A criminal conviction can make everyday life a little harder. It can prevent you from getting into college or moving up the corporate ladder, but many people aren’t as aware that a criminal conviction can inhibit their ability to travel the world as they please. Here in Minnesota, one of the most common questions we receive is about whether or not a person will be allowed into Canada if they have a criminal record.
We refer most of our clients who ask us this question to our friends across the border at Mamann, Sandaluk and Kingwell LLP, as they’ve helped a number of our clients in the past, but before we pass you along to them, we wanted to go over some of the basics of getting into Canada if you have a criminal record.
Will I Be Denied Entry Into Canada Because Of My Criminal Conviction?
Canada is pretty strict as to who they allow into the country, but that also doesn’t mean that a criminal conviction will automatically render you ineligible to cross the border. But let’s back up and start with the entry process itself.
There’s a chance that you’ll be denied entry into Canada even before you reach the border. If your criminal background flags in their system, you may be denied a visa or electronic travel authorization. Whether or not you need to apply for these access systems depends on what your intention is in Canada. For most of the folks we talk to, they are just trying to use their passport to head to Canada for some fishing or a hockey tournament, so they end up running into trouble with an immigration officer at the border. Not only can this be a huge waste of time and resources, but it can also be embarrassing depending on who you are traveling with.
There’s no way to guarantee that you’ll be admitted with a criminal record, but there are some ways to make it easier on yourself. For starters, let’s take a look at the crimes that can make you “criminally inadmissible” to Canada. Those crimes include:
- Possession or trafficking or illegal drugs
- Organized crime-related offenses
This isn’t the comprehensive list, but all these crimes suggest you should put some serious thought into ensuring you are allowed entry prior to traveling to Canada so you don’t run into trouble at the border. However, even if you have been convicted of one of these crimes, there are still ways to get in. Here are three ways you can apply for entry into Canada with a criminal record.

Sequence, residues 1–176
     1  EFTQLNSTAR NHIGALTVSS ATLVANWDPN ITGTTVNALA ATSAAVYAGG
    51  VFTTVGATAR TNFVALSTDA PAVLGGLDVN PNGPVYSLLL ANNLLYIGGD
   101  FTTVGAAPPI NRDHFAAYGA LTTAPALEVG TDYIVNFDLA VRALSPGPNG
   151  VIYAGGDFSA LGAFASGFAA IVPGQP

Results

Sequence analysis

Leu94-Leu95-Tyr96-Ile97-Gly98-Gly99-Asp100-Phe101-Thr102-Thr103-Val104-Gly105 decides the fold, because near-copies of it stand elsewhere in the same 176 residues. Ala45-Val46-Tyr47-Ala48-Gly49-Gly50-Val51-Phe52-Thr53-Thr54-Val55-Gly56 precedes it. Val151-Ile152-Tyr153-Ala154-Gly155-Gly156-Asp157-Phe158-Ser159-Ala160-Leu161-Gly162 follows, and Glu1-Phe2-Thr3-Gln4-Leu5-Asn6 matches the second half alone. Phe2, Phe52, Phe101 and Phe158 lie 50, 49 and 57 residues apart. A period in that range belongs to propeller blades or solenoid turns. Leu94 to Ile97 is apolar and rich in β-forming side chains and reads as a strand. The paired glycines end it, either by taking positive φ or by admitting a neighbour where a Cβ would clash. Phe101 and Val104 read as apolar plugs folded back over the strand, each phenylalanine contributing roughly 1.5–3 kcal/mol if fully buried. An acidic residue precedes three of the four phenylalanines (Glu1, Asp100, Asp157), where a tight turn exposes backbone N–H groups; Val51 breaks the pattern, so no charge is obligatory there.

Temporary Resident Permit – A Temporary Resident Permit (TRP) will allow a person entry into Canada for a set period of time as long as they state their valid reason of intent for entry. Activities like job requirements or visiting family would meet this criteria. To be eligible to apply for a TRP, you must:
- Have had less than five years pass since the completion of the sentence (including jail time, community service hours, probation and fee payment), OR
- Have had more than five years pass since the completion of the sentence, and you have not applied for, or have yet to received a decision on an application for criminal rehabilitation.
If you feel that you meet the above criteria, you can submit your TRP application along with a $200 application fee, and if it is approved you can enter Canada for a set period of time.
Criminal Rehabilitation – This is the permanent solution a past criminal conviction that would keep you out of Canada. In order to be eligible to apply for Criminal Rehabilitation, five years must have passed from the completion of your sentence. This means if you spent 30 days in jail and received four years probation, five years must have passed from the end of your four-year probation sentence. This document never needs to be renewed, and once obtained you should have no problem entering Canada.
Deemed Rehabilitation – There is also the possibility that the Canadian government will deem you rehabilitated if enough time has passed since your original conviction. If you were convicted of a crime like a misdemeanor DUI, and more than 10 years have passed since the completion of your sentence (again, this means 10 years since the completion of every single sentencing guideline, like probation), then immigration authorities may disregard your past conviction. It is not advisable to assume you will be deemed rehabilitated, and further action should be taken to ensure entry. Even if you fit this criteria, it’s best to consult with immigration lawyers like MS&K.
For more information, reach out to Appelman Law Firm or our friends at Mamann, Sandaluk and Kingwell LLP,